Connecting Speaking & Writing in Second Language Writing Instruction
|Robert Weissberg (2006)
|Ann Arbor: University of Michigan Press
|Pp. xiii + 171
Connecting Speaking & Writing in Second Language Writing Instruction (henceforth CS&W) is a useful book which should be of interest to its entire intended audience: foreign language or ESL teachers, composition teachers, teachers-in-training, and teacher educators/researchers. Divided into seven chapters, each with clearly organized subsections, the book remains faithful throughout to its aim of demonstrating how structured speaking practice benefits language learners in the ESL writing classroom. Each chapter begins with an epigraph taken from the work of a scholar in one of the fields brought into discussion, and ends with a set of suggested tasks and/or discussion questions. It is a well-referenced book that includes numerous diagrams and examples.
In "An Introduction to Dialogue and Second Language Writing," Weissberg initiates the reader into his central argument: second language writing is best acquired through a dialogic classroom model. A key assumption is that "social interaction provides an ideal context for mastering complex cognitive skills like writing" (p. 3). Also summarized here are the remaining chapters, which include both the theoretical justification for this argument and specific techniques for incorporating spoken interaction into the L2 writing classroom.
In Chapter 2, "From Talking to Writing," Weissberg lays out developmental and sociocultural theories as well as evidence from empirical studies as foundations for his claim that social interaction should be a basic part of the L2 writing classroom. Of particular interest is Vygotsky's thesis that writing, like all higher cognitive functions, emerges from the inner speech that children acquire through social interaction. Vygotsky's ideas have prompted writing teachers "to focus on collaborative learning as one way to promote the speaking-thinking-writing connection for student learners" (p. 16).
In "ESL Writers and Speakers: A World of Individual Differences" (Ch. 3), Weissberg uses case studies to look at differences among L2 learners according to modality preference: Do learners find it easier to approach L2 through speaking, writing, or a balance of the two? He points out that assuming a natural progression from speech to writing--as Vygotsky did--doesn't always hold up for L2 learners. Weissberg also explains how oral and written tasks can be balanced in the L2 writing class so students have opportunities to use their stronger modality to develop their weaker one.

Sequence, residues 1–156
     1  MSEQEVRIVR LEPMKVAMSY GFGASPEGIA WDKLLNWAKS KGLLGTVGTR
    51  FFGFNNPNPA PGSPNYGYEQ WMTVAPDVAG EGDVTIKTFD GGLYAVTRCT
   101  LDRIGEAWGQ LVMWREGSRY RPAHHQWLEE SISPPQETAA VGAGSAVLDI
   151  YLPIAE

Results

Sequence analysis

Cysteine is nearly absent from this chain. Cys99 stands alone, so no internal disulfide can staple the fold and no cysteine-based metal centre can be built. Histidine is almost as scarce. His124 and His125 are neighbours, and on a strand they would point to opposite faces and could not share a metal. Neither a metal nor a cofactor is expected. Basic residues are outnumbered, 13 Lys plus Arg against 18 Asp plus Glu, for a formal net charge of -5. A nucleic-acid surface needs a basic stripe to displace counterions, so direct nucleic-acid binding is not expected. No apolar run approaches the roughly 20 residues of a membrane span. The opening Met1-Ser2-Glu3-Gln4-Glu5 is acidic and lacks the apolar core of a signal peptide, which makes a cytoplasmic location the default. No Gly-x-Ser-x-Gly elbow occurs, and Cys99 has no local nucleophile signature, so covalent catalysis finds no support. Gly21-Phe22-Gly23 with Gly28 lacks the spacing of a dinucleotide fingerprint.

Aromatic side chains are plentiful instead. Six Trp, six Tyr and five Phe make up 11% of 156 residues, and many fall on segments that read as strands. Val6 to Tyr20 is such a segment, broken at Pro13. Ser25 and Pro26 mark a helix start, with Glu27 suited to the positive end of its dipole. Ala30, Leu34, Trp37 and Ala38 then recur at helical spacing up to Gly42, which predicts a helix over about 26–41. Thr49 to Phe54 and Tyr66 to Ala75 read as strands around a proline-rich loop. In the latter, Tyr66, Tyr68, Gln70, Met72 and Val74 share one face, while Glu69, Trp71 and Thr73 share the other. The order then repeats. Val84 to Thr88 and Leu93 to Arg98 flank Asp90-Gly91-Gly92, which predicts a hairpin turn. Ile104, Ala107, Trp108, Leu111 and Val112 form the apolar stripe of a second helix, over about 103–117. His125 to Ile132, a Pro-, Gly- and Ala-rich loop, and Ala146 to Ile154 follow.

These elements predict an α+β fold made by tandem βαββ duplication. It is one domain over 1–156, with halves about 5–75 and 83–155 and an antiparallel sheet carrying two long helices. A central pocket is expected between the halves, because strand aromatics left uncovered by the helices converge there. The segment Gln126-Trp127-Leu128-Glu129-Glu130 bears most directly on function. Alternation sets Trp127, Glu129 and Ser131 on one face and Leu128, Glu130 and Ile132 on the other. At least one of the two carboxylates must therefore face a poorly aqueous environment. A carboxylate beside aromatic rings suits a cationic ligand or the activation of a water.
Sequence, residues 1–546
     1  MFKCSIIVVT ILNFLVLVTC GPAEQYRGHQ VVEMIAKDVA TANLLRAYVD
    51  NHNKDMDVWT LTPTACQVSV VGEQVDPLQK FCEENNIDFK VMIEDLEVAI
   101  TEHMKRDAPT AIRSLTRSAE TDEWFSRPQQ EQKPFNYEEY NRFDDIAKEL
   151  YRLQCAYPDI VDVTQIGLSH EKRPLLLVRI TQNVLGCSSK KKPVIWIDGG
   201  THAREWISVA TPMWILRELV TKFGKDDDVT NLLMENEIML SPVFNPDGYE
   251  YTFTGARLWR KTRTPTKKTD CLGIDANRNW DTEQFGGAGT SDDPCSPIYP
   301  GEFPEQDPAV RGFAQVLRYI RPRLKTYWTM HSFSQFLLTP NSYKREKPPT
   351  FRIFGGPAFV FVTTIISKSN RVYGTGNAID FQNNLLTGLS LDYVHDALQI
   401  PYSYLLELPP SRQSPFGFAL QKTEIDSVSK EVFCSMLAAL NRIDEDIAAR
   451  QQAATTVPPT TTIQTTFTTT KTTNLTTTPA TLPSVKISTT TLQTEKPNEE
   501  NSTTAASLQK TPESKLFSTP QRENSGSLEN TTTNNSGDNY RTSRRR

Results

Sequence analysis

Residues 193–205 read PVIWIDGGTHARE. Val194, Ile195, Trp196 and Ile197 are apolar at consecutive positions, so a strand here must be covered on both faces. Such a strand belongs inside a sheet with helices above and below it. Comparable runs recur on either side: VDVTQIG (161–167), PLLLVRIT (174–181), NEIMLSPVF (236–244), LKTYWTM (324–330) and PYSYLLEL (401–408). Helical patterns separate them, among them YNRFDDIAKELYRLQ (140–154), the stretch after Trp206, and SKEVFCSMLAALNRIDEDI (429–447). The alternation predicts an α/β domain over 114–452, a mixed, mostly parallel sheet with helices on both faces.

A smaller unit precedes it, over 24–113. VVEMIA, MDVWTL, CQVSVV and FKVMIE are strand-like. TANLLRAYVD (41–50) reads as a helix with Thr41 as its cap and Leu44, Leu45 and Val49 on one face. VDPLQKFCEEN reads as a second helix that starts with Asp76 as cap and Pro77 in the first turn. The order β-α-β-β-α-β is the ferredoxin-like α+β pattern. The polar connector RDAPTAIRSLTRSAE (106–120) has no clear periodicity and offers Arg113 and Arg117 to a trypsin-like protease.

The heart of CS&W is Chapter 4, "Beyond Teacher-Talk: Instructional Conversations in the Writing Classroom." After reviewing the limitations of transmission-style teaching as exemplified by the IRE sequence (teacher Initiates a question, student Responds, teacher provides an Evaluative comment), Weissberg presents Instructional Conversations (ICs) in considerable detail; these are instructionally-focused but natural-sounding teacher-student dialogues intended as the main tools for embedding instruction within social interaction in the L2 writing classroom. Teachers can build ICs by offering various forms of verbal assistance in the classroom: turn-taking, allowing wait-time, modeling, feeding-back, questions, and uptake; they can also prepare for the IC classroom experience by developing a content-based curriculum, good materials, and collaborative projects. The basis for promoting ICs is threefold: (1) Speech is developmentally related to writing, so L2 writers draw on the linguistic resources of their conversational talk. 2) Students who talk about their writing tend to write with greater coherence. 3) When writing is taught conversationally, it becomes a meaningful, reality-linked social activity.
Chapter 5, "Conversations in the Writing Tutorial" (with Gina L. Hochhalter), is about using the dialogic approach during tutoring and conferencing. In focus are four strategies for building oral scaffolding: get the student talking (for example, through positive feedback), maintain conversational parity (as through turn-taking). ask leading questions (dealing with sentence-level problems, global discourse, etc.), and "link and extend" through verbal linkages (which, for example, echo the student's own talk) and idea linkages (which incorporate the student's ideas into the instructional dialogue, as when teachers summarize or paraphrase them).